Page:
the stomach and the small intestine.
Digestion of proteins begins in the stomach
with pepsin which is secreted by oxyntic glands.
Pancreatic digestive enzymes perform the majority
of protein digestion.
The major proteolytic enzymes include trypsin,
chymotrypsin, elastase, and carboxypeptidase.
These enzymes digest proteins to short chains
of a few amino acids.
The final stage of protein digestion occurs
on the brush border of the small intestine
epithelium.
Here, membrane-bound peptidases complete digestion
of oligopeptides to either single amino acids
or dipeptides and tripeptides.
The major dietary lipids include triglycerides,
phospholipids, cholesterol, steroids, and
fat-soluble vitamins.
The first step in lipid digestion is emulsification,
which is the transformation of large lipid
droplets into much smaller droplets.
Emulsification is accomplished by bile salts
secreted by the liver and stored in the gallbladder.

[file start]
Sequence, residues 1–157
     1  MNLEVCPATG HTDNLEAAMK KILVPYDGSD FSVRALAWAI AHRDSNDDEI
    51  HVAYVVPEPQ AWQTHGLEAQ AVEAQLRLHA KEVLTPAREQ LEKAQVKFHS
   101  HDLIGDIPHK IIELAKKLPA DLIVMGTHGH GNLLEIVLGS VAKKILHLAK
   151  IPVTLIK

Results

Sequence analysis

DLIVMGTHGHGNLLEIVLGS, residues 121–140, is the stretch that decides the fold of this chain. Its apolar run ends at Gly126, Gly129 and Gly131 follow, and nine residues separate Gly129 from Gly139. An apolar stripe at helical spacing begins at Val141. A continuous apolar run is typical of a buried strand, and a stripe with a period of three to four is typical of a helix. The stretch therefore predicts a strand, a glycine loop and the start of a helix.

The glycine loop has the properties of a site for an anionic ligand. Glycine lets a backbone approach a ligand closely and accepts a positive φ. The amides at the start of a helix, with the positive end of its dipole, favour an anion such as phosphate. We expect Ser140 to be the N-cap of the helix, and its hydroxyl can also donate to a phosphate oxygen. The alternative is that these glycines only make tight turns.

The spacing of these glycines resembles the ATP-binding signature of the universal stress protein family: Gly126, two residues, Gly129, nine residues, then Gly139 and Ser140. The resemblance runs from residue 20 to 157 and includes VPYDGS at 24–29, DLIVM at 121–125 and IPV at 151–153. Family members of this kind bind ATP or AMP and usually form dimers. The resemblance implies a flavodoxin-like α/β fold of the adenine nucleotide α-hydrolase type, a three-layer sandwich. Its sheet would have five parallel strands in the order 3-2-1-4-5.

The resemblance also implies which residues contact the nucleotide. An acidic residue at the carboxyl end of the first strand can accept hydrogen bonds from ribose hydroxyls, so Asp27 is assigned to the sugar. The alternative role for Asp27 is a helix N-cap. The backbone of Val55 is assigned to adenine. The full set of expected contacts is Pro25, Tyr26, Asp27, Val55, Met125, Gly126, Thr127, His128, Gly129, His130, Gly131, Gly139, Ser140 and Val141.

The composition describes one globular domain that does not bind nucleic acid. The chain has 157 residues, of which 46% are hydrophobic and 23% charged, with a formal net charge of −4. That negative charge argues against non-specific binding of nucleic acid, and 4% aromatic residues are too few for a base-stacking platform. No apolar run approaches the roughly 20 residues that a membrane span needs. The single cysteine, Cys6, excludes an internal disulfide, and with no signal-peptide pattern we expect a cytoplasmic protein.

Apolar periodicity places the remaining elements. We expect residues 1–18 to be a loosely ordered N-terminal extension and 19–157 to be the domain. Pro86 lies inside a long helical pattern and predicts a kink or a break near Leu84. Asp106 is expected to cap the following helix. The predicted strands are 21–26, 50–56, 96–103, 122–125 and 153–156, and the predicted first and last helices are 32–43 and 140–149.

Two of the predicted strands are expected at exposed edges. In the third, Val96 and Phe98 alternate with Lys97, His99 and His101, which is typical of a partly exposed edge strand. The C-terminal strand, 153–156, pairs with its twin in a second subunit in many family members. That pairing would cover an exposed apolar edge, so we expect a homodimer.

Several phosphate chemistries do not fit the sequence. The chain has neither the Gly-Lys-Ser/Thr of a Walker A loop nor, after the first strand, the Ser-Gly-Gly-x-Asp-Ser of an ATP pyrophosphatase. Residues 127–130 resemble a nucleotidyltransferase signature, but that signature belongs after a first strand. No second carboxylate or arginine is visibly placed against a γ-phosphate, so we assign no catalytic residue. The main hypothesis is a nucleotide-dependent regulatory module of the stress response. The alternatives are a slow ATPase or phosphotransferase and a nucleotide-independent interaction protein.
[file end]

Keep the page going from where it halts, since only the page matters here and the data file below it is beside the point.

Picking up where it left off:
The primary location for lipid digestion is
the small intestine where strong emulsifiers
synthesized by the liver are present together
with strong lipid-digesting enzymes synthesized
by the pancreas.
Pancreatic Lipase digests triglycerides into
components fatty acids and 2-monoglycerides
Pancreatic Cholesterol Esterase digests cholesterol
esters into component cholesterol and fatty
acid
Pancreatic Phospholipase digests phospholipids
into their component head groups and fatty
acid
Mechanical and chemical digestion in the stomach
results in chymes.
periliastic wave propel chymes through the
pyloric sphincter into the duodenum of the
small intestine.
Finger like projection called villi line the
interior wall of the small intestine.
Most absorption of nutrient from ingested
food occurs through these.
In the small intestine nutrient in the chymes
are further broken down by secretion from
organs.
Inside each villus there are lacteals of the
lymphatic system that fatty acid pass into,
and capillary beds of the circulatory system
into which other nutrient pass.
Water and other substance from chymes that
are not absorbed move into the large intestine
for further absorption, digestion or elimination.